Greenpeace launched an attack this week on some of the world’s best known eco certification schemes, which it accuses of having “major failings” and “greenwashing products”.
Destruction: Certified, a new report from the global NGO, claims that that many certification schemes used for products such as palm oil and soya for animal feed are “effectively greenwashing destruction of ecosystems and violations of Indigenous and labour rights”.
The report evaluates nine certification schemes that aim to address global deforestation – particularly the protection of rainforests – and rates their performance with a scorecard system.
Greenpeace argues certification schemes in this area are failing to tackle the core issues they claim to address.
“After three decades of trying, certification has failed to prevent ecosystem destruction and rights abuses associated with key products such palm oil, soya and wood”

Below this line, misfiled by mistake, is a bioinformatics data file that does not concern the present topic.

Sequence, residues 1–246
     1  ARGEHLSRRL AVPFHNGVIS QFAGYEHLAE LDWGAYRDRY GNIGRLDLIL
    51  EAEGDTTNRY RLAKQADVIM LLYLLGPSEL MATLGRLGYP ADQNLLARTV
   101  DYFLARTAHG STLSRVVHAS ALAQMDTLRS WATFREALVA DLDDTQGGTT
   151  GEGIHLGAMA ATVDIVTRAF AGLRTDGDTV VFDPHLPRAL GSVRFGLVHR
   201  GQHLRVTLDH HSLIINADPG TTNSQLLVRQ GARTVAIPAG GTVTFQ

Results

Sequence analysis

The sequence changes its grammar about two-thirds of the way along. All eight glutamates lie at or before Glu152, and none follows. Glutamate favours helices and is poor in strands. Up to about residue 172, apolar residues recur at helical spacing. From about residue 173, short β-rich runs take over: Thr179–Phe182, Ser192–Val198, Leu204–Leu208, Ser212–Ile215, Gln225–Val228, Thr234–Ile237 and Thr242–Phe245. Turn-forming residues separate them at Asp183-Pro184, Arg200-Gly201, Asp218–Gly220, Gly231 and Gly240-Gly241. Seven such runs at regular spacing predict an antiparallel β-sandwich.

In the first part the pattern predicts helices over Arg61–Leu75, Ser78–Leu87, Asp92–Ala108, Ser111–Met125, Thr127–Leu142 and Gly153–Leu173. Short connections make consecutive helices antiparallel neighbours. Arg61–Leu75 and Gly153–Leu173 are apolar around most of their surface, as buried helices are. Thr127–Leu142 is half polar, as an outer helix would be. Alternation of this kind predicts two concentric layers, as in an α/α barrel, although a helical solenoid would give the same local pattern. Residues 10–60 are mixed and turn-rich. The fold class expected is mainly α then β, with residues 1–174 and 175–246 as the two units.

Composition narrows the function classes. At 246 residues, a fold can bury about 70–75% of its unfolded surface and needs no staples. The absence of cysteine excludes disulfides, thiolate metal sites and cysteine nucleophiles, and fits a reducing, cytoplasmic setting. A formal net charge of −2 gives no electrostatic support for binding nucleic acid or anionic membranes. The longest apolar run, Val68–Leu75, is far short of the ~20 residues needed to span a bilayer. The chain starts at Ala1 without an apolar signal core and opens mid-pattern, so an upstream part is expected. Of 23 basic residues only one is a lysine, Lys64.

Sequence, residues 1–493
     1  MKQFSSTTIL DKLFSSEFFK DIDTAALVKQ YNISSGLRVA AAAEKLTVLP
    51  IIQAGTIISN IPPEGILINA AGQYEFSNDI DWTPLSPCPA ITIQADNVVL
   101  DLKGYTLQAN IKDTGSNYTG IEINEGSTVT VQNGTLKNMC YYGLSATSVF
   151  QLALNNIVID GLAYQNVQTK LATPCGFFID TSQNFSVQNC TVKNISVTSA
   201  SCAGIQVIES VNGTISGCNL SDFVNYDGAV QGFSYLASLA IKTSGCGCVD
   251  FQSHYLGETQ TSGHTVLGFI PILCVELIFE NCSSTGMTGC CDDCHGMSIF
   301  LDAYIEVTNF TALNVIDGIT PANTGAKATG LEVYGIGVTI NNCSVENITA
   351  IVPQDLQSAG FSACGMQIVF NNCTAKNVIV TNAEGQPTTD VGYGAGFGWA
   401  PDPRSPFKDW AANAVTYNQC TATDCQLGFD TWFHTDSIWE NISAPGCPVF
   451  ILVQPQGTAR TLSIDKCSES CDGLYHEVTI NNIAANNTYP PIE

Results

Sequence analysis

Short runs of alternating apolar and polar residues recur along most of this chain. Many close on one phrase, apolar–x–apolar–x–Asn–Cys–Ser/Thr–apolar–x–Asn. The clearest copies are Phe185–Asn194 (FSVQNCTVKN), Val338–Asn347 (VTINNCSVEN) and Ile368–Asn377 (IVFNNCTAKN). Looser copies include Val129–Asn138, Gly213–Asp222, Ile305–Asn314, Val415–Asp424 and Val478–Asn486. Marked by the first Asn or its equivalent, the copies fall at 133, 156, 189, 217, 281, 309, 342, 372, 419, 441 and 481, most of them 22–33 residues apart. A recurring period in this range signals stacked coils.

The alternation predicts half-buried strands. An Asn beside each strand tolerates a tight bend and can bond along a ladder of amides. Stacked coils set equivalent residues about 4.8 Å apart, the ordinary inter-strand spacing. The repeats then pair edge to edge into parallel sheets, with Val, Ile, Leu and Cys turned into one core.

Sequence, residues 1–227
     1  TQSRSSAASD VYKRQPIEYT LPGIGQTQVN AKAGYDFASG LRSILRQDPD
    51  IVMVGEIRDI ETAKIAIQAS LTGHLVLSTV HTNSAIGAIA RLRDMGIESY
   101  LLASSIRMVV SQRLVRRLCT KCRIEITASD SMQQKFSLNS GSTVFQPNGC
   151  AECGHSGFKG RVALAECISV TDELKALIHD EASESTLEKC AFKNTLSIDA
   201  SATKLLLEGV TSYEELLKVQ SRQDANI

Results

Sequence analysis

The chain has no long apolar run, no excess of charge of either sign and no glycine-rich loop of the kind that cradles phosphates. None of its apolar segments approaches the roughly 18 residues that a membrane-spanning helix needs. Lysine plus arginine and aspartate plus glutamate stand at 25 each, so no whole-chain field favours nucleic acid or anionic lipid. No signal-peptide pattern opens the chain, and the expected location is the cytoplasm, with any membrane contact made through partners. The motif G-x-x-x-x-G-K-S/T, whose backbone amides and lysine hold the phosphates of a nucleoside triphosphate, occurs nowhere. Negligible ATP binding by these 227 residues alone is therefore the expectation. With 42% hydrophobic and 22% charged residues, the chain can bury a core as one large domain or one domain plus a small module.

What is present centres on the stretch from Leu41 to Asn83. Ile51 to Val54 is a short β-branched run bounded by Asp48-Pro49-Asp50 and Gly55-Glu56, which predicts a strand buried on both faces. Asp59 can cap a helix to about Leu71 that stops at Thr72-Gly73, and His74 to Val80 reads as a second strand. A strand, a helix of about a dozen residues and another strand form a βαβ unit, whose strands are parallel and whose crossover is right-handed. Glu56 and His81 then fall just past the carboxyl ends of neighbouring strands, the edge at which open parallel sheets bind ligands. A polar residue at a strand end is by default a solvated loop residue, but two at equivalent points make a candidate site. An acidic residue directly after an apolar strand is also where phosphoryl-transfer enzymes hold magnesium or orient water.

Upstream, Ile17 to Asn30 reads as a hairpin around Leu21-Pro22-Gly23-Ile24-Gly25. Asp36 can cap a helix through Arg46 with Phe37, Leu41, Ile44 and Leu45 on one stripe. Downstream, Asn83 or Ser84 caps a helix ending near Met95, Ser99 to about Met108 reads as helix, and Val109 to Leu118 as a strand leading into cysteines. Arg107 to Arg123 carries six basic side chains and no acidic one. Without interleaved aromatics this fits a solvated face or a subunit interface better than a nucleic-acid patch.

“After three decades of trying, certification has failed to prevent ecosystem destruction and rights abuses associated with key products such palm oil, soya and wood, Grant Rosoman, senior campaign advisor, Greenpeace International said.
“Due to certification’s limitations and weaknesses in implementation, it has a limited role to play in halting deforestation and protecting rights. It should certainly not be relied on to deliver change in these commodity sectors. Nor should it be used as proof of compliance with legislation.”
Shifting responsibility onto the consumer
Greenpeace argues that certification shits environmental responsibility onto the consumer. It says that governments must now “step up to protect our planet and its people from these unacceptable harms and set rules that guarantee that no product produced and sold comes from ecosystem destruction or human rights abuses.”